Kamenev. Stalin said that formally the question stands in such a way that we must reverse the decision of the Leningrad Gubernia Committee. I agree that this is how the question stands formally, but this is only formally, because no party charter rejects the case when the Central Committee finds this or that decision of the provincial committee inappropriate and enters into relations with one or another organization. Why issue such an ultimatum that we must violate the opinion of the Leningrad organization and cancel its decisions? There are other ways. The Central Committee can judge whether this decision is rational or expedient. The Central Committee has never refused this. And nobody understands democracy in such a way that since there is a decision of the provincial committee, nothing can be done. Comrade Molotov [, we need to understand democracy in a different way] says that this violates the principles of democracy. A strange understanding of democracy! So, if we want to discuss the matter on the merits, then we can tell the spokesman, even the Leningrad one, that the opinion of the Central Committee is this and that. Sponge can take note of this, can enter into negotiations. So, Comrade is right. Stalin, that formally the question is so, but in essence it is not so.
Molotov. And the resolution of the conference that Zinoviev was not elected.
Kamenev. So, in essence, I took the floor in order to dwell on the words of Voroshilov, Molotov and Rykov, because I think that here you only need to speak directly, that you need to make ends meet or you shouldnʹt say at all.
Voroshilov believes that the removal of Zinoviev is one of the inevitable organizational conclusions from the discussion, and therefore, they say, there is nothing to talk about. Voroshilov. I said this before the discussion.
Kamenev. Here is a transcript, the transcript says: Voroshilov considers organizational conclusions inevitably connected with the discussion; and there is nothing to talk. He does not allow [himself the possibility of such a conclusion] thoughts that regardless of how the discussion ended, it is possible to dispute the organizational conclusions that were made not by the congress, but by the collegium of the Leningrad Gubernia Committee. The Central Committee may, without violating the decisions of the congress, challenge such organizational conclusions. I believe that these organizational conclusions are disastrous. In order to draw such a conclusion, additional data are still required, additional data are needed to say: since the person remained in the minority at the congress, he must be removed from his post. What, canʹt he work? All this requires proof, and you donʹt have it. Voroshilov says that the Leningrad organization is in an ambiguous position. Yes, thatʹs right. [We] You have put in an ambiguous position not only the Leningrad organization, but also the Comintern. You forget about it. Of course, if Zinovievʹs resignation was accepted at the first meeting of the plenum of the Central Committee 21 and they said that he really could not remain the Chairman of the Comintern, then there would be no ambiguous position either in the Comintern or in Leningrad. This was not done. And now the situation is so ambiguous that Comrade. Zinoviev may remain Chairman of the Comintern, but he cannot remain the leader of the Leningrad organization. We still have to make ends meet. They say that Zinoviev was not elected to the provincial committee, but why was he elected Chairman of the Comintern? The whole Party and the Comintern are in an ambiguous position. After all, now every member of the Party and member of the Comintern can say that at the head of the Comintern there is a man who departed from Leninism and sunk to Sukhanov. How can you cover such a statement? Nothing. General Secretary of the CPSU (b) proved that Zinoviev retreated from Leninism and slipped to Sukhanov22. And this man is left as Chairman of the Comintern. Understand that only by deviating from simple political sincerity can one prove the absolute intolerance of Comrade. Zinoviev remained chairman of the Leningrad Soviet for at least one day. After all, even earlier, even under Lenin, there were differences. It was such a case that with most Zinovev dispersed on CC III Congress 23. It was a discrepancy on a particular specific issue. But Lenin took a different point of view regarding the organizational conclusions. He never took such a point of view as to prove, after a divergence, in brochures, speeches, resolutions, etc., that Zinoviev had abandoned the line of Leninism and slipped into Sukhanov.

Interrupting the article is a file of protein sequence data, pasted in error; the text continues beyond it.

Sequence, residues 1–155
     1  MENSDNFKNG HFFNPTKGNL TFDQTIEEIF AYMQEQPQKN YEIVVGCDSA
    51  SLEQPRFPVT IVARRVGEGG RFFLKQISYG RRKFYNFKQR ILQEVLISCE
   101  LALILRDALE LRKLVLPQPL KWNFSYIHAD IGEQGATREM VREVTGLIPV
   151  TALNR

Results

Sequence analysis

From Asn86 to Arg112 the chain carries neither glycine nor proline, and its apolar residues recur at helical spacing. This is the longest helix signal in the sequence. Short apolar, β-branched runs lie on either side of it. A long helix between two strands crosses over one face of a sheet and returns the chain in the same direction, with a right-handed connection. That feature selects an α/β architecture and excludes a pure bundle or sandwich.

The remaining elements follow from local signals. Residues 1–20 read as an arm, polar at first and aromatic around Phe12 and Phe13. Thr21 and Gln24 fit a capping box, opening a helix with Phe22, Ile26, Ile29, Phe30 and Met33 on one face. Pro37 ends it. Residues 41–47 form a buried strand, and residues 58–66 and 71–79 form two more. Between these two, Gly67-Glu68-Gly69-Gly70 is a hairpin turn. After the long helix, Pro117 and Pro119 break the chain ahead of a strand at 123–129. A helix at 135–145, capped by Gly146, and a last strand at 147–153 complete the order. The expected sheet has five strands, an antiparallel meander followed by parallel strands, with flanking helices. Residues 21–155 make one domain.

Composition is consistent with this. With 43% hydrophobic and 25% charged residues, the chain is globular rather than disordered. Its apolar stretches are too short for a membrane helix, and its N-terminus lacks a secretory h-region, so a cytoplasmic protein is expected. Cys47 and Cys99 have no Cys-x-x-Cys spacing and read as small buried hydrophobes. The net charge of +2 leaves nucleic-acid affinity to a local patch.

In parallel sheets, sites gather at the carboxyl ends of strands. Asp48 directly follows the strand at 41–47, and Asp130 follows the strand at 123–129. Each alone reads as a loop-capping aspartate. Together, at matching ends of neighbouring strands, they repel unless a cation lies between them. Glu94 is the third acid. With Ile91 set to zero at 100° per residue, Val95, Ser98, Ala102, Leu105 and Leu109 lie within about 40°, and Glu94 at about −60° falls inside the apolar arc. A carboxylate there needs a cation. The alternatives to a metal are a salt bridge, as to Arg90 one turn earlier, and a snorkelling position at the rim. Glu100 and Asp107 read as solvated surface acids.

Lenin did not draw the organizational conclusions that you are making now. Under Lenin, such organizational conclusions regarding Leningrad and Zinoviev would not have been possible. Thatʹs the whole difference. So, the reminder of the discrepancies at the III Congress sounds unfounded in your lips. People continued to work in their posts without any ʺorganizational conclusions.ʺ Then there was no such theory that in order to correct certain mistakes, a comrade should be discredited. I studied Lenin very carefully and nowhere did I find this theory of discrediting.
Stalin. He says it is necessary to exclude such individuals.
Kamenev. In each specific case, he proposed certain specific measures. And now the theory is put forward that whoever made a mistake must be discredited in order to correct the mistake. This has not happened before. It is very surprising that this policy is literally processed and a theory is formed. I believe that Lenin never went to this theory of discrediting.